The Earth's continental crust is heterogeneous, containing numerous pre-existing zones of weakness. How do these pre-existing zones of weakness influence the structural development of rift basins? This research project explores the hypothesis that the influence is highly variable, depending on several conditions including: 1) the attitude of the pre-existing fabric relative to the extension direction during rifting, 2) the characteristics of the pre-existing zones of weakness (i.e., their number, spacing, length), and 3) the burial depth of the pre-existing zones of weakness during rifting. To test this hypothesis, a series of scaled experimental (analog) models are run in which these three conditions vary systematically. Identical models will be conducted with dry sand and wet clay as the modeling materials to determine the sensitivity of the modeling results to the modeling medium. Additionally, the faults and fault-related folds produced in the models are compared with natural examples observed on three-dimensional seismic-reflection data from rift zones containing pre-existing zones of weakness. The integration of the results of the experimental modeling and the three-dimensional seismic analysis (data sets that yield complementary information) will provide a robust test of the hypothesis. Novel research methods include the use of thin-sections to study the details of fault interactions in clay models and the generation of three-dimensional renderings of the faults and fault-related folds produced in the experimental models using the same computer software designed for the interpretation of three-dimensional seismic-reflection data.Tectonic events have repeatedly deformed (fractured and contorted) the Earth's crust. In this project, scaled experimental models are used to study how the deformation produced during early tectonic events affects the deformation produced during subsequent tectonic events. Scaled experimental modeling is a powerful tool that has helped geoscientists understand rock deformation in three dimensions and through time. One limitation of scaled experimental modeling, however, has been the inability to observe the three-dimensional deformation in great detail. In this project, this limitation is overcome by studying the deformation in the models using thin sections (very thin slices of the model mounted on slides and viewed through a microscope) with sophisticated computer software currently used in the oil and gas industry. By combining these traditional and cutting-edge technologies, three-detailed dimensional images of the deformation within the models will be constructed, for the first time. This improved knowledge of the three-dimensional deformation patterns will have immediate applicability for earthquake prediction, ground-water flow, hydrocarbon exploration and production, and sequestration/storage of the greenhouse gas, carbon dioxide. Specifically, geoscientists will be able to use these modeling results as templates for interpreting widely spaced or poor-quality geologic or geophysical data.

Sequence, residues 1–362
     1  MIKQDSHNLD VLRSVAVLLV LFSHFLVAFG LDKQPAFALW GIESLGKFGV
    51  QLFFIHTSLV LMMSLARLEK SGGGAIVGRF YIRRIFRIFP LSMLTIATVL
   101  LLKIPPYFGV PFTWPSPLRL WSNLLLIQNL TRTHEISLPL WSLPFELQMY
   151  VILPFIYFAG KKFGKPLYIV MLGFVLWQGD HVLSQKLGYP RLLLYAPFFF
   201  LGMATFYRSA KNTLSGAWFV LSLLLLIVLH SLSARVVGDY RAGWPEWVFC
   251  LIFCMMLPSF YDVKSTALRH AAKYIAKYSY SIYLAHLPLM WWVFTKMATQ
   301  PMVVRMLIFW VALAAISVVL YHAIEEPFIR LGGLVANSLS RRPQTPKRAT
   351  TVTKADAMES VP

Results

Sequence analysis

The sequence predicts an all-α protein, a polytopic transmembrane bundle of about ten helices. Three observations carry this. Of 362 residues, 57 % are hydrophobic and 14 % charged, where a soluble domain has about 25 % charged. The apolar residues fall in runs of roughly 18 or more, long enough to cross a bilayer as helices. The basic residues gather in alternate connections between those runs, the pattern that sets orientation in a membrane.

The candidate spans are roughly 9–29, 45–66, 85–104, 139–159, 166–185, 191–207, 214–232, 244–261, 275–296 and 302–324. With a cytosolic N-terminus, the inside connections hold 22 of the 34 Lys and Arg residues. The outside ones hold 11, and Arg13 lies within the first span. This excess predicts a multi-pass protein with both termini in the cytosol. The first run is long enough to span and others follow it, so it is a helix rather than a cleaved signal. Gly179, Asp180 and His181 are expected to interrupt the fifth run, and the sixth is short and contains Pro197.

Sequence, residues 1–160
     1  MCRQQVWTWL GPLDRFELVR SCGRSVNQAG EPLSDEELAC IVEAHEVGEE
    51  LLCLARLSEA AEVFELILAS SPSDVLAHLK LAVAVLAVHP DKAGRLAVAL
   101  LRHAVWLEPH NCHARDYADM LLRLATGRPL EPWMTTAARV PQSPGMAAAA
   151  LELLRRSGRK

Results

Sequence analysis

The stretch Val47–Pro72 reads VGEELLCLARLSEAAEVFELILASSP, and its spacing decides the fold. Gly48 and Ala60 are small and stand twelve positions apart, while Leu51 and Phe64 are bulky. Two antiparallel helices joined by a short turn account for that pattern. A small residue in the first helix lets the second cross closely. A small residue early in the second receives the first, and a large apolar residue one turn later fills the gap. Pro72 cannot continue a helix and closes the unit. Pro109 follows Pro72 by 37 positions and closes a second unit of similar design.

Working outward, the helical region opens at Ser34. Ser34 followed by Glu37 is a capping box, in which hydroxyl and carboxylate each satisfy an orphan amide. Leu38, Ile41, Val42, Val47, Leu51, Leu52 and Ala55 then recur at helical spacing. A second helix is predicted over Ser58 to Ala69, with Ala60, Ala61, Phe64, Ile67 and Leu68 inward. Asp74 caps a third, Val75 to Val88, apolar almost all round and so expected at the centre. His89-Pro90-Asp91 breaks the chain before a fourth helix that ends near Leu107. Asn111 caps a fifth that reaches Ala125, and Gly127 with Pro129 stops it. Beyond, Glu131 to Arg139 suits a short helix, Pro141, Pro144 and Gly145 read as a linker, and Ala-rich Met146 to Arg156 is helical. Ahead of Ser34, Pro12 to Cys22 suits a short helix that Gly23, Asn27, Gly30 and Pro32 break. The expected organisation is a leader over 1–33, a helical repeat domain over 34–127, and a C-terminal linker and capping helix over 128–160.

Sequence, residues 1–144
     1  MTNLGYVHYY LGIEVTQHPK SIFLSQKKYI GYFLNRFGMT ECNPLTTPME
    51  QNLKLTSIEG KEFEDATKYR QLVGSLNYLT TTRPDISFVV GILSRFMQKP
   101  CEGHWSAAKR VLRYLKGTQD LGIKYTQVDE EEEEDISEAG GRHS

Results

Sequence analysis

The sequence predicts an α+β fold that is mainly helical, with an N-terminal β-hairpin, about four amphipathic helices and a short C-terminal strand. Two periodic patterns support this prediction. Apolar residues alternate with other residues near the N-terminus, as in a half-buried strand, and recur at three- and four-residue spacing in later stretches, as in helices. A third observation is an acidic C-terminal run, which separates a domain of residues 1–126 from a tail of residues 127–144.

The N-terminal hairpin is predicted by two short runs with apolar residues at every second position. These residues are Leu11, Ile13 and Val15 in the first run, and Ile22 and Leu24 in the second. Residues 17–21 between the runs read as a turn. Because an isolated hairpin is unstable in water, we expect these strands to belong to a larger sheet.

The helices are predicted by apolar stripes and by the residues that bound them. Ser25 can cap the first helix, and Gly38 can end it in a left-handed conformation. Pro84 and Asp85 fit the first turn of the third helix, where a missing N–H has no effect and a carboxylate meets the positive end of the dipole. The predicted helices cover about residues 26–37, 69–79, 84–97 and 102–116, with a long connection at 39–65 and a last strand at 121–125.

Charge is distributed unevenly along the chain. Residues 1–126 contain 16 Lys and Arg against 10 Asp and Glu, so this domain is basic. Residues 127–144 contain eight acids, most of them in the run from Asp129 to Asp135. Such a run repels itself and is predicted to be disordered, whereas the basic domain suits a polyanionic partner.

|Effective start/end date||1/1/09 → 12/31/11|
- National Science Foundation (National Science Foundation (NSF))